Powershell Iterators and Selectors

I’ve used powershell quite a lot, I find it most useful at work when setting up build pipelines for team city, its really handy when creating build steps and you need team city to execute some custom functionality e.g. specrun. It’s also good when trying to do some analysis on particular installed nuget packages. There are many uses, but these are main uses.

I find the syntax quite easy, I occasionally get caught out with projections, filtering and iterating, so I thought I’d write a quite cheat sheet post that may help others out there!


Select-Object is similar to linq select, it can be used for:

  • selecting specific object, or ranges from a collection of objects that contain specific properties
  • selecting a given amount of elements from the beginning or end of a collection of objects
  • selecting specific properties from objects

There are more things we can do with selectors, but this is just what I’ll be covering.

To project a collection into a selector, you need to pipe it into the select-object cmdlet. You do this using the pipe character. e.g.

Get-Process | Select-Object

You can then specify options to filter what we want e.g. we can select items from the array, but only elements 0,2,4 and 6

Or we can select the first 5 elements

Or we can can select all elements after the first 65

We can also create and rename an objects property, which can be useful when when the property name is not too descriptive and when we are passing from one cmdlet to another, and where the next cmdlet accepts and processes objects by Property Name.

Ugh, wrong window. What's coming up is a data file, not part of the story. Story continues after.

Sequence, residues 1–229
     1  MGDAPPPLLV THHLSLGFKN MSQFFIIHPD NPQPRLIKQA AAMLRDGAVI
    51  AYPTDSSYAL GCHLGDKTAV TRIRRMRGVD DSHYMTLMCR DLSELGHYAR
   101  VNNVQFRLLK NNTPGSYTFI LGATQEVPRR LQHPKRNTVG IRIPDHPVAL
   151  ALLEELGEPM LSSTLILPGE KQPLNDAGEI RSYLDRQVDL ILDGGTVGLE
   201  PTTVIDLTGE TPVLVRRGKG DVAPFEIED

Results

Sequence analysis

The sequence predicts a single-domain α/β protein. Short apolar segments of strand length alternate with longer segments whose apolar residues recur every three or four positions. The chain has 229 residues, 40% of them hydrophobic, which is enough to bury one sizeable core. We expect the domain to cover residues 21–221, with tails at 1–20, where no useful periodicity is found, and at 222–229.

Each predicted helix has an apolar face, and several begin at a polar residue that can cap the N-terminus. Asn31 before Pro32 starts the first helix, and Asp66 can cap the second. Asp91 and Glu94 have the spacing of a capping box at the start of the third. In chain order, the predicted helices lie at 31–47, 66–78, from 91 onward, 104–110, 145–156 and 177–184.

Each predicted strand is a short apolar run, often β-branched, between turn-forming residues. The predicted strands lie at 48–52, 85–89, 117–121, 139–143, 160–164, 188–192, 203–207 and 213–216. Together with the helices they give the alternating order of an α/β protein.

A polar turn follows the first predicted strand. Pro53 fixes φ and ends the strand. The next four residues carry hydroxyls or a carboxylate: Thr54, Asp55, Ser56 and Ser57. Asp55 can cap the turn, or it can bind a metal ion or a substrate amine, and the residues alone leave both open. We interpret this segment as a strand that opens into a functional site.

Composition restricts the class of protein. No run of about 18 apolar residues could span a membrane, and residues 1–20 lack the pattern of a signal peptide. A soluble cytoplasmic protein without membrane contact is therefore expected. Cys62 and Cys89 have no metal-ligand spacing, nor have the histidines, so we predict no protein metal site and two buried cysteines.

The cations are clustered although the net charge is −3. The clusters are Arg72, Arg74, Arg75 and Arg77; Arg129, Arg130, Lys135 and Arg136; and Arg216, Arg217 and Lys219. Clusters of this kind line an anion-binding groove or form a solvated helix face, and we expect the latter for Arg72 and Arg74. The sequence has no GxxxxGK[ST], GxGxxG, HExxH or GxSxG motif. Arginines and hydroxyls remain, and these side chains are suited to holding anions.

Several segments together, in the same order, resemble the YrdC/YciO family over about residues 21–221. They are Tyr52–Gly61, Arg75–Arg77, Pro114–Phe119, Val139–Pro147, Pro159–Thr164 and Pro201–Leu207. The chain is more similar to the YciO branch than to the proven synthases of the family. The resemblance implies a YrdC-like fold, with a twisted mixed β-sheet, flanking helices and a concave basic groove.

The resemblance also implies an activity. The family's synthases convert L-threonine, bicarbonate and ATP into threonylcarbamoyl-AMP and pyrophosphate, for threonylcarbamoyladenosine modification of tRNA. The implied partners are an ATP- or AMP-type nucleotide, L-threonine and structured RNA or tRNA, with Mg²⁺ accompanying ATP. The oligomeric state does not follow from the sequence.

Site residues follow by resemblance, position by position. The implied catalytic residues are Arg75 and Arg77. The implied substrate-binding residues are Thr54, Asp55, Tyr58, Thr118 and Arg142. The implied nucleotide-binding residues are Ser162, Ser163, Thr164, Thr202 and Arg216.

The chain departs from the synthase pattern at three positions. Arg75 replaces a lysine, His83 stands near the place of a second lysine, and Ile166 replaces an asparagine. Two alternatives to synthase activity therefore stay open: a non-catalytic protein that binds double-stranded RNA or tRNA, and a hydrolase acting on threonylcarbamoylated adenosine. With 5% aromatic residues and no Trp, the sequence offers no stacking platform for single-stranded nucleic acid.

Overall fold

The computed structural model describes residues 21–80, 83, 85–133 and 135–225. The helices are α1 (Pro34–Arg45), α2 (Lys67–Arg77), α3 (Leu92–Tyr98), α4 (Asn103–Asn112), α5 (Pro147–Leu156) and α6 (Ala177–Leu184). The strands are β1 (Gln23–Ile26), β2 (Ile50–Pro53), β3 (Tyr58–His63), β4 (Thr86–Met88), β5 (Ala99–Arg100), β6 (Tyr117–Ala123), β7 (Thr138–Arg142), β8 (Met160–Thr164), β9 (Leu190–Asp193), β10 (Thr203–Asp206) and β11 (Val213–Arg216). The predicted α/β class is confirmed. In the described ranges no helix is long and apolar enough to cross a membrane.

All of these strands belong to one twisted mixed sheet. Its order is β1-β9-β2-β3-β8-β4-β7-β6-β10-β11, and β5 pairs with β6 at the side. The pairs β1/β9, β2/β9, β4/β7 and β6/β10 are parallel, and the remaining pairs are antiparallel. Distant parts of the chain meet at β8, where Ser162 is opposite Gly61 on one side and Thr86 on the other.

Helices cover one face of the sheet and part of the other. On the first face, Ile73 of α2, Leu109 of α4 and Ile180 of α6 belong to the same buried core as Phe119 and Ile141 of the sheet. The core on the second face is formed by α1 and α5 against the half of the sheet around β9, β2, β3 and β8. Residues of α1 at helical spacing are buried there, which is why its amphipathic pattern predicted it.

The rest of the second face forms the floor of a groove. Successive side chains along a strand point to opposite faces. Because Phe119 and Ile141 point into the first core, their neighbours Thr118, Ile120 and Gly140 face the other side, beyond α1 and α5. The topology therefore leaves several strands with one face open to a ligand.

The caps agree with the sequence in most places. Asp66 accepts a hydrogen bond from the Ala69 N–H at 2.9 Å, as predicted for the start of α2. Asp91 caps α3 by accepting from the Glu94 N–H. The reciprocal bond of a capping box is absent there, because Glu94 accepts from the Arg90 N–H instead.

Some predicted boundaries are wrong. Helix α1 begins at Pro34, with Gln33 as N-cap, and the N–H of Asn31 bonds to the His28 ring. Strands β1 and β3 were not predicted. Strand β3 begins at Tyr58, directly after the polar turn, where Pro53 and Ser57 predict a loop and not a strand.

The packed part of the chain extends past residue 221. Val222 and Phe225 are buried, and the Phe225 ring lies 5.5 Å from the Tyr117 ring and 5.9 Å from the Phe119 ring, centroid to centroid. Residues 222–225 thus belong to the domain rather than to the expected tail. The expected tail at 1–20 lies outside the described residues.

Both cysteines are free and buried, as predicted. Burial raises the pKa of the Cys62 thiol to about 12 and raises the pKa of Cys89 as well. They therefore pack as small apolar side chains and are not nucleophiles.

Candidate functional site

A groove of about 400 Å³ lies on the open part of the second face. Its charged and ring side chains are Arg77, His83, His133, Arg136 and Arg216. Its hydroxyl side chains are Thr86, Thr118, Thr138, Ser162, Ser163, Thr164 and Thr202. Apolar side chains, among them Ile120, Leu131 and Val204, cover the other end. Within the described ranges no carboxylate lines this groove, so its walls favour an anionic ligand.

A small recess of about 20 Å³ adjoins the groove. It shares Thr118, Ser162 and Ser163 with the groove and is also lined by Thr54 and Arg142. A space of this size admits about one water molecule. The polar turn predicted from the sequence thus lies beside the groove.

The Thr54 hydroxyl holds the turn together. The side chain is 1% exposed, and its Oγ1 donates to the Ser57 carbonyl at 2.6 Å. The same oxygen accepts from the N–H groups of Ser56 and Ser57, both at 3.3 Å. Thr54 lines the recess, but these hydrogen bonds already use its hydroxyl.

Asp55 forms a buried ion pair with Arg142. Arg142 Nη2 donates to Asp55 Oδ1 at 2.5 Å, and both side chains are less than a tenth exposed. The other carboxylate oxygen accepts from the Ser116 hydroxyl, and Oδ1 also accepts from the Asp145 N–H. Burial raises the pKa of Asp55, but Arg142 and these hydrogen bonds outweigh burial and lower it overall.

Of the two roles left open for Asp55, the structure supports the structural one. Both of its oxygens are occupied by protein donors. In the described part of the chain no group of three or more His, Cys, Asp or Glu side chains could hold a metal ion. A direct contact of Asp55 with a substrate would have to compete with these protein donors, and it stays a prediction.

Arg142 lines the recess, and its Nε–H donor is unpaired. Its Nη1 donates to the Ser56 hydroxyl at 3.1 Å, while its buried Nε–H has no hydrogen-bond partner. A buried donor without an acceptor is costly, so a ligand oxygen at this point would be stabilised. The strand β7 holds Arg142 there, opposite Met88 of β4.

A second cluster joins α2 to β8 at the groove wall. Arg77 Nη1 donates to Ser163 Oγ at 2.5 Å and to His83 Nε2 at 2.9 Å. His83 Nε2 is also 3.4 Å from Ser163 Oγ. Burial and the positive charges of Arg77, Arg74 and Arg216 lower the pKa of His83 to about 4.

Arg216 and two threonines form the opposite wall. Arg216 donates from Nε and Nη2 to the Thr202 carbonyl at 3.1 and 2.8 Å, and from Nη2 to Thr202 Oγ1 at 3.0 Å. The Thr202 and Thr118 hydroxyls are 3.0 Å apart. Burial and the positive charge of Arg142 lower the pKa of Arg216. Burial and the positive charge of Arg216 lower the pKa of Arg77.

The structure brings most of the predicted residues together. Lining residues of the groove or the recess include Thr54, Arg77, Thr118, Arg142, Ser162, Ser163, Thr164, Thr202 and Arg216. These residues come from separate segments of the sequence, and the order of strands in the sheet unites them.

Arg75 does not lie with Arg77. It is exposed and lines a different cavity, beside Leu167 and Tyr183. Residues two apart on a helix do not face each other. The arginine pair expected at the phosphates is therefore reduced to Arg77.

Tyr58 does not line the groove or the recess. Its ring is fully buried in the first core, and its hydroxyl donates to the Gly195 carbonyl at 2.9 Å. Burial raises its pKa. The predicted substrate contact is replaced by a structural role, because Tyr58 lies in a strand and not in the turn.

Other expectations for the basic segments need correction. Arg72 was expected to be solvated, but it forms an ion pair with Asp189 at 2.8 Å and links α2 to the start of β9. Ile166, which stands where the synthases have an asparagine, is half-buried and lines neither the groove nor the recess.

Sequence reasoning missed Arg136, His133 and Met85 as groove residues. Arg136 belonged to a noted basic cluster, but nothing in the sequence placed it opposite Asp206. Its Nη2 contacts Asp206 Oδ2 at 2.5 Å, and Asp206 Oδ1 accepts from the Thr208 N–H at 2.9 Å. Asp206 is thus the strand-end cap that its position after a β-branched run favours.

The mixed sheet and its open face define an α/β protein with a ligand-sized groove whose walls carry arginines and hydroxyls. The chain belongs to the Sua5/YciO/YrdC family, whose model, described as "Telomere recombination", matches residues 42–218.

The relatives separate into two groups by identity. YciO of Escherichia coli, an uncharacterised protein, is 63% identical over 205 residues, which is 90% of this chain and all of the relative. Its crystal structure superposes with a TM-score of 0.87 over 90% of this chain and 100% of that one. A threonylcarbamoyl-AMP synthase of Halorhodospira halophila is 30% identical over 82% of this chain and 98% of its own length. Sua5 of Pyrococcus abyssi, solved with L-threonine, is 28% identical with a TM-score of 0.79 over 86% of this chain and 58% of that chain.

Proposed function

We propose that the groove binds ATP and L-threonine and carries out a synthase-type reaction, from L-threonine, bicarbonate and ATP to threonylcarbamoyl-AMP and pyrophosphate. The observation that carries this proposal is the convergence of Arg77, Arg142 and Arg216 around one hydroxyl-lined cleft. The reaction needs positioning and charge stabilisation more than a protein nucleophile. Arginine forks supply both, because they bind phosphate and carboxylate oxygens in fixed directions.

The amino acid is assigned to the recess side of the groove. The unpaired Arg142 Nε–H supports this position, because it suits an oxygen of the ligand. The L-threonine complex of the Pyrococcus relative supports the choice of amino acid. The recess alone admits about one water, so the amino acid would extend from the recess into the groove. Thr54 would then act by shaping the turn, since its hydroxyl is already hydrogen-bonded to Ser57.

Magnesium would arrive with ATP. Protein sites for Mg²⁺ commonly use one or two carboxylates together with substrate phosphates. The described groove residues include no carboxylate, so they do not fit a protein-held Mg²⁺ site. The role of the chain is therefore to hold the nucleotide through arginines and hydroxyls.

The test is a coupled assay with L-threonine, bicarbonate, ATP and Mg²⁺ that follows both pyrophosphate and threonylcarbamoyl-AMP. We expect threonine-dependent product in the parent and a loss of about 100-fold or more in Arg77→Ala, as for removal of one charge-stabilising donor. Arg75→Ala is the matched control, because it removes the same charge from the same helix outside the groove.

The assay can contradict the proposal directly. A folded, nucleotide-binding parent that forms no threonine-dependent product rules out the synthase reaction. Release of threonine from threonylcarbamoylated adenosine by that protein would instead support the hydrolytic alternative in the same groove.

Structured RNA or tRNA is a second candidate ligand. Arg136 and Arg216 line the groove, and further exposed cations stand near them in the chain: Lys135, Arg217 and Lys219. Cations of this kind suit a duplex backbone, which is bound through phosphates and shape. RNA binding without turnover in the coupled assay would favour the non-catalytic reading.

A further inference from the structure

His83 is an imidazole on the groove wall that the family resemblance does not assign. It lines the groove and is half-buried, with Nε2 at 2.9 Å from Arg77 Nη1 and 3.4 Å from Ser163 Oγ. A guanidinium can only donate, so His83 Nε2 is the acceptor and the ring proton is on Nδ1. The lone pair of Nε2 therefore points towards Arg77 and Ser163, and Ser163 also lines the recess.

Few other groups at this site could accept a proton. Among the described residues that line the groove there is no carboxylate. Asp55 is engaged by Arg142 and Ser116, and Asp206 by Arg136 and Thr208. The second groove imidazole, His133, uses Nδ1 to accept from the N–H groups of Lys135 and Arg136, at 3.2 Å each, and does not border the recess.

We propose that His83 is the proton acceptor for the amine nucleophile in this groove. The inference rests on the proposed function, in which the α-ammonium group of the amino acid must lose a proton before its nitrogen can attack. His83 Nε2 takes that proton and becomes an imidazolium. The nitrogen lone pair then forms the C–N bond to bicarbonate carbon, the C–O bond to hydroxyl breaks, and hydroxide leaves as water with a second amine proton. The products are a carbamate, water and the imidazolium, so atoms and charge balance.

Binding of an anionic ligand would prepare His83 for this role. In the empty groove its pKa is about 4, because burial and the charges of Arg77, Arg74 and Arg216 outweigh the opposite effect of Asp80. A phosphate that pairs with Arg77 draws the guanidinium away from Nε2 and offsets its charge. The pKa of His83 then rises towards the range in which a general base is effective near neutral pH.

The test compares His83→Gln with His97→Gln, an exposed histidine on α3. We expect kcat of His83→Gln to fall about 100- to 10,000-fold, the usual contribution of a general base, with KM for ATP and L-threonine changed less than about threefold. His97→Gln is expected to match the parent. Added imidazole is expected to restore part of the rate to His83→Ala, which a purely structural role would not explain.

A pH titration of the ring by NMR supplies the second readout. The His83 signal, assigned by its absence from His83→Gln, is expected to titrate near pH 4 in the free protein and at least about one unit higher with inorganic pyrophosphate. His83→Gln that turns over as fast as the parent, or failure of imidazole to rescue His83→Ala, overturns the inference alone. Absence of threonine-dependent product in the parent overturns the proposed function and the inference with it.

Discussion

The -property argument accepts a collection of objects, where you set the name and expression. The name is the name of the property, and expression is a script, whose result is the value.

Here is an example where we take a process from get-process cmdlet, and extract three of the properties, ProcessId, Name and CPU Amount.

Get-Process | Select-Object -Property @{name = 'ProcessId'; expression = {$_.id}},@{nam
e = 'Name'; expression = {$_.ProcessName}},@{name='CPU amount';expression = {$_.CPU }} -First 5

Be mindful when using this, as when we select property names, it actually generates a new object of the same type with only those properties that we selected and strips out the rest. This may mean we remove a property, without realising, that we may need further down the chain.

Iterating over Objects

Iterating allows us to perform an action on each element within a collection. There are ways of doing this using a for loop, or a while look, but we can also use a foreach loop (like in the examples below).

The ForEach-Object cmdlet takes a stream of objects from the pipeline and processes each and it uses less memory do to garbage control, as objects gets processed and they are passed thru the pipeline they get removed from memory.

The cmdlet takes 4 main parameters: Begin

To skip to the next object to be process in ForEach-Object the keyword Continue is used. For exiting the loop inside of a ForEach-Object the break keyword is used.

Written on January 12, 2016.